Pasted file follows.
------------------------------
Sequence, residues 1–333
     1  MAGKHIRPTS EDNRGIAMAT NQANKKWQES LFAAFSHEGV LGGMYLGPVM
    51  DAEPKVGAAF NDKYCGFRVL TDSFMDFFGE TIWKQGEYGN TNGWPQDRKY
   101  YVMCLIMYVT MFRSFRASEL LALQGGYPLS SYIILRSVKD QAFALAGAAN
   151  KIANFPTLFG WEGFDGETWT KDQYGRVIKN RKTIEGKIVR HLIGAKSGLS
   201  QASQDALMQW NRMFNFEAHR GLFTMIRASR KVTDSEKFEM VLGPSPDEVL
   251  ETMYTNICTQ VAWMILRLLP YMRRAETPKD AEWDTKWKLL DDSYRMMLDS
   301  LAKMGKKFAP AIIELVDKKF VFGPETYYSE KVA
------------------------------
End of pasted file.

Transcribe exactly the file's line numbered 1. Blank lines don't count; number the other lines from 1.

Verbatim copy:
Sequence, residues 1–333